3D modeling, 3D rendering, and CAD are different but overlapping tasks, which often even use the same programs or file types. All can support (and have supported) digital humanities projects in various ways.
3D printing and scanning, though often spoken about in the same contexts, are two distinct techniques with different potential DH applications.
Virtual Reality (VR) and Augmented Reality (AR) both emphasize physical interactions with virtual imagery. VR emphasizes total immersion in virtual imagery, navigated by the turn of a head or even by walking. AR, meanwhile, superimposes virtual elements over the real environment of a user.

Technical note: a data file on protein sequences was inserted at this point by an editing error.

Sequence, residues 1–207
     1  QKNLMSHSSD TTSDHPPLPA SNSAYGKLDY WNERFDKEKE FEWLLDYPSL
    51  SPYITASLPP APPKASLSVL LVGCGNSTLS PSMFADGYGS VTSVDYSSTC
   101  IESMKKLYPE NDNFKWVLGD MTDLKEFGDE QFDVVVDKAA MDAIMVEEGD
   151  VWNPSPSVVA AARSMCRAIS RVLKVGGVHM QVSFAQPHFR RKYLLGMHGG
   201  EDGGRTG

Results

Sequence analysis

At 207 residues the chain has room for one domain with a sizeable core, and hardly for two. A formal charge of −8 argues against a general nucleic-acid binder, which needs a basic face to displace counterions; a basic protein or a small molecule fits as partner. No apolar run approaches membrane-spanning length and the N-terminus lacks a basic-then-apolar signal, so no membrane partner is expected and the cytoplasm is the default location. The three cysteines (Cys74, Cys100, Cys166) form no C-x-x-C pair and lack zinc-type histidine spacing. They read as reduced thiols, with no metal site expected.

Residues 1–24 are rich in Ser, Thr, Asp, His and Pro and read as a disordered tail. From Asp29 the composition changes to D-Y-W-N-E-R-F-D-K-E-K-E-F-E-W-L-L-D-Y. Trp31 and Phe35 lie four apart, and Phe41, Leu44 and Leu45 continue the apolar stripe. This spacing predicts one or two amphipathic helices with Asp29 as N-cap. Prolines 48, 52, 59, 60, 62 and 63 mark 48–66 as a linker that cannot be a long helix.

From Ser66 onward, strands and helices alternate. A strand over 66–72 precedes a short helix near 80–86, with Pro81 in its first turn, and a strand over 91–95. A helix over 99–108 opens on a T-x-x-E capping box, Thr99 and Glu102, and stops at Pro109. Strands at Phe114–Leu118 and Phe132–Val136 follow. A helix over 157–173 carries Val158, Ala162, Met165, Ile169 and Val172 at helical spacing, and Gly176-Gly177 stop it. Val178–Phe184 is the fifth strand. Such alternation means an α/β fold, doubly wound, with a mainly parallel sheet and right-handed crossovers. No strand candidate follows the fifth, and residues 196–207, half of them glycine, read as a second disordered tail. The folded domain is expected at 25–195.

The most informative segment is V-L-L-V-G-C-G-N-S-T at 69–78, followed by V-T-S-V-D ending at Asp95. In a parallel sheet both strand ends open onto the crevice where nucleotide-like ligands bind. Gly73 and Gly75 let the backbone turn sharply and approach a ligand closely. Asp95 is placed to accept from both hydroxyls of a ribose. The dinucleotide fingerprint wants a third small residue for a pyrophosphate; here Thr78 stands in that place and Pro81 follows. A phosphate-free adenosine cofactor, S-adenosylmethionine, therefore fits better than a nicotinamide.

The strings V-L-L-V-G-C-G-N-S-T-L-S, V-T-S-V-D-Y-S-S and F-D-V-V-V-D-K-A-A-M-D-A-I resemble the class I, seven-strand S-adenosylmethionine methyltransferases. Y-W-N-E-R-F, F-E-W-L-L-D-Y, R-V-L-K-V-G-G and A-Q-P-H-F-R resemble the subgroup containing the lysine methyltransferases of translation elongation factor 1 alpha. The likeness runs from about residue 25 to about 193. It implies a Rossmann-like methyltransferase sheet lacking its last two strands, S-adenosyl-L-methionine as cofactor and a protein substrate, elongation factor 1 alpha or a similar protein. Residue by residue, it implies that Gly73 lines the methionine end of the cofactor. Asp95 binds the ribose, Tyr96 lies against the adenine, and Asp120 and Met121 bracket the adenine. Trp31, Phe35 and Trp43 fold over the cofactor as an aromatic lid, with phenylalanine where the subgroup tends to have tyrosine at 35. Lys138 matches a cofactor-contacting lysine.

How complicated a VR or AR experience would be to make, and what technology it would require, is highly variable: a single 3D scene that can be viewed from various angles but not moved around in is very straightforward to create and view, and can be made with everything from a 360 camera to 3D rendering software (see above). More complicated or more interactive projects might require mobile app development skills or specialized hardware.
Applying humanistic lenses, theories, and methods to the study of technology can also sometimes fall under the umbrella of digital humanities. This might include an art historian studying Internet art, a literary scholar addressing born-digital texts or interactive fiction, or a historian investigating the people involved in a particular social media community.